Related to environmental psychology, the formation of environmental risk perceptions and factors affecting them has also been studied. Cultural theory postulates that four archetypal views on the vulnerability of nature (rooted in worldviews) can be distinguished, which are related to environmental concerns (Poortinga et al. 2002). In particular, nature capricious (fatalist) and nature benign (individualist) views are related to low environmental concerns. Nature tolerant (hierarchist) and nature ephemeral (egalitarian) views are related to, respectively, average and high environmental concerns. Poortinga et al. (2002) show that these views and environmental concerns are related to different preferences for risk management strategies. For example, individuals with a low environmental concern have the highest preference for market-oriented strategies, whereas individuals with a high environmental concern prefer government regulations.

An alternative theory that explains environmental behavior and environmental risk perceptions is value–belief–norm (VBN) theory (Stern 2000), which explains how behavior results from a chain of different personal values (biospheric, altruistic, and egoistic) and beliefs (about ecological worldviews, adverse consequences for valued objects and ability to reduce threat) as well as proenvironmental personal norms. According to VBN, the influence of risk perception on behavior takes place indirectly via responsibility beliefs and the activation of a personal norm to act. In VBN theory, personal experience of effects of climate change could influence environmental values by resulting in a stronger ecological worldview, which increases risk perceptions and willingness to take action (Whitmarsh 2008). Another theory that explains behavior using perceived social norms, attitudes, and perceived behavioral control is the theory of planned behavior, which additionally describes the importance of intentions to perform a behavior (Ajzen 1991).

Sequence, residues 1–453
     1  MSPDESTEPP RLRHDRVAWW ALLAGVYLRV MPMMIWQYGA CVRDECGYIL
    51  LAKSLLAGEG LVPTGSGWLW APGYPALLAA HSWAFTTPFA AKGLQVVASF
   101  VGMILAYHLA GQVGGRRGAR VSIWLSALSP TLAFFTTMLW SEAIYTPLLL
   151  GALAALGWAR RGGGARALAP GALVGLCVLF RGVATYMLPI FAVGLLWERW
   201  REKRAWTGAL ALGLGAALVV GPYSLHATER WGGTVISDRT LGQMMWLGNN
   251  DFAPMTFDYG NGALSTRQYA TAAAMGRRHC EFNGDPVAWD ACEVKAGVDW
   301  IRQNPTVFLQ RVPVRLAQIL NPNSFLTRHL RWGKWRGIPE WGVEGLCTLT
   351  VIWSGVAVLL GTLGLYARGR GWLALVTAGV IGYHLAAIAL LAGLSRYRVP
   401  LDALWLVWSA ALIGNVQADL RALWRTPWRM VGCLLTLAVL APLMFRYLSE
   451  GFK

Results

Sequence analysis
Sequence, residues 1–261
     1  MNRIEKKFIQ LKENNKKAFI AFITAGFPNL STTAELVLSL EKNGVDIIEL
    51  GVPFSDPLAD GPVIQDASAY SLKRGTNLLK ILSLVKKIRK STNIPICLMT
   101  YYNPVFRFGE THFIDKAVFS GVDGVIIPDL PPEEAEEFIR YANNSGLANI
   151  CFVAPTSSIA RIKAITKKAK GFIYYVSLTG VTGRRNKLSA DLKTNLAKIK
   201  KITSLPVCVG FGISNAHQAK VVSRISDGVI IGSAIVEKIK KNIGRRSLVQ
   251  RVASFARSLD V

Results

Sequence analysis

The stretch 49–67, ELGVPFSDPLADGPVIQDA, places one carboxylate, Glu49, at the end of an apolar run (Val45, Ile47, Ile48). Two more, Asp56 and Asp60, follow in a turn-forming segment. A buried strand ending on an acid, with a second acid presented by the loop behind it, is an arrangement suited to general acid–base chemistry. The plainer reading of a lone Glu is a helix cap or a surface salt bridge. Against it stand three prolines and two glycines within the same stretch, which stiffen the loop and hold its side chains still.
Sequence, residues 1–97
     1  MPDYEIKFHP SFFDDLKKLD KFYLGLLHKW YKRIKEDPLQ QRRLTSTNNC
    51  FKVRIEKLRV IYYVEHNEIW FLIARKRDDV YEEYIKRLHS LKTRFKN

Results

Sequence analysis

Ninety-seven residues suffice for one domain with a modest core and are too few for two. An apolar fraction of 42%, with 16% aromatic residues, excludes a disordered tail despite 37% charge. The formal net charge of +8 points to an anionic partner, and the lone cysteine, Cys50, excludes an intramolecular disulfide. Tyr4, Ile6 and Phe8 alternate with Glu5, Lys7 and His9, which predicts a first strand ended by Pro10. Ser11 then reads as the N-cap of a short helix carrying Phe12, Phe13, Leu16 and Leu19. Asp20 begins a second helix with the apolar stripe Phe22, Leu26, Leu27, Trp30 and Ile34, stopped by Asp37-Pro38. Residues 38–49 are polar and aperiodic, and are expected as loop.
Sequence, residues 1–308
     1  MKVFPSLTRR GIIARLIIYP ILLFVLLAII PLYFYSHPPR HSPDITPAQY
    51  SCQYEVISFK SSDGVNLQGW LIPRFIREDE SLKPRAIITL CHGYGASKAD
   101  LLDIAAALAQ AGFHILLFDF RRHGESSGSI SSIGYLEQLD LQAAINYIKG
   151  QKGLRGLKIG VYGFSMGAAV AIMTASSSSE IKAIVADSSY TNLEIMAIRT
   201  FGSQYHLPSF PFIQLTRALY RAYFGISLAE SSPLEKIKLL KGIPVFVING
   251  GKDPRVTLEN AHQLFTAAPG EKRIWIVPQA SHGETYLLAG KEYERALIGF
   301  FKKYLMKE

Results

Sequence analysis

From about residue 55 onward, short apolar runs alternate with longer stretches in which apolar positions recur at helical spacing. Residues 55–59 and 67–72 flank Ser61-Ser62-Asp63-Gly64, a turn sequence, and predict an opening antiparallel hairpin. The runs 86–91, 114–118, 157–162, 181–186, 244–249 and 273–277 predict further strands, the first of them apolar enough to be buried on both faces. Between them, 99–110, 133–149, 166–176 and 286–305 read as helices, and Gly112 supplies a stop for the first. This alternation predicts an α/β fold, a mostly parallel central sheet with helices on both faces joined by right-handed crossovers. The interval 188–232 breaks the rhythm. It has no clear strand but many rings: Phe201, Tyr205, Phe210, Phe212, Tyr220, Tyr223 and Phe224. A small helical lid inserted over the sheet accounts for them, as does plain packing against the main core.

In this study, we investigate whether or not experience of extreme weather events has an impact on concern about these events. Such experiences can, for example, be a firsthand, personal experience with a heat wave, a threatening hurricane, or a blizzard, which may have caused the individual to feel more concerned in general about extreme weather events because they are more sensitive toward it and feel more vulnerable to extreme weather. Such an emotional response to risk based on past experiences is related to system 1 thinking (Kahneman 2003), or related to risk as feeling (Loewenstein et al. 2001). Another type of experience is secondary experience, through obtaining information about extreme events in a formal or informal setting, without firsthand experience. This study examines whether or not participation in an information event influences concern about extreme weather risks, which is related to system 2 thinking. Furthermore, concerns about extreme weather may be shaped by a specific type of professional experience, such as, e.g., a crisis manager has a professional relationship to extreme events. It may be that professionals engage more in system 2 thinking about risks than do lay people, although research on this topic is not promising and suggests that experts may be prone to similar biases as the general public (Fischhoff et al. 1982).